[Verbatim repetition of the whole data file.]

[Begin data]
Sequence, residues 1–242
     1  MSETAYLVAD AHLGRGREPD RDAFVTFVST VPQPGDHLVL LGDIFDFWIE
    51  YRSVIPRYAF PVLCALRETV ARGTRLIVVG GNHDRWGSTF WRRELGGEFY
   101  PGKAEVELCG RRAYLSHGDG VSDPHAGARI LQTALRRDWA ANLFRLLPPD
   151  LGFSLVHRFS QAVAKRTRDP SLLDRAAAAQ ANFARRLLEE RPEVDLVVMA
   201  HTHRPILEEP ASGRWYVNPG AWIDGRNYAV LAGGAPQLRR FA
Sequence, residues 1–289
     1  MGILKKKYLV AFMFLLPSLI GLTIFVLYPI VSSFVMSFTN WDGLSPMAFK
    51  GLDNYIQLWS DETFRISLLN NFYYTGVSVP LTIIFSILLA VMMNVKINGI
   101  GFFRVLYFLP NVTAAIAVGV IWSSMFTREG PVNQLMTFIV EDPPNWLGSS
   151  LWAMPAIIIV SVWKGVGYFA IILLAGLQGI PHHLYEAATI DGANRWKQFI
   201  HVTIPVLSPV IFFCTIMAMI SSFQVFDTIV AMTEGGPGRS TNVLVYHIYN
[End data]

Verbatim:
Sequence, residues 1–242
     1  MSETAYLVAD AHLGRGREPD RDAFVTFVST VPQPGDHLVL LGDIFDFWIE
    51  YRSVIPRYAF PVLCALRETV ARGTRLIVVG GNHDRWGSTF WRRELGGEFY
   101  PGKAEVELCG RRAYLSHGDG VSDPHAGARI LQTALRRDWA ANLFRLLPPD
   151  LGFSLVHRFS QAVAKRTRDP SLLDRAAAAQ ANFARRLLEE RPEVDLVVMA
   201  HTHRPILEEP ASGRWYVNPG AWIDGRNYAV LAGGAPQLRR FA
Sequence, residues 1–289
     1  MGILKKKYLV AFMFLLPSLI GLTIFVLYPI VSSFVMSFTN WDGLSPMAFK
    51  GLDNYIQLWS DETFRISLLN NFYYTGVSVP LTIIFSILLA VMMNVKINGI
   101  GFFRVLYFLP NVTAAIAVGV IWSSMFTREG PVNQLMTFIV EDPPNWLGSS
   151  LWAMPAIIIV SVWKGVGYFA IILLAGLQGI PHHLYEAATI DGANRWKQFI
   201  HVTIPVLSPV IFFCTIMAMI SSFQVFDTIV AMTEGGPGRS TNVLVYHIYN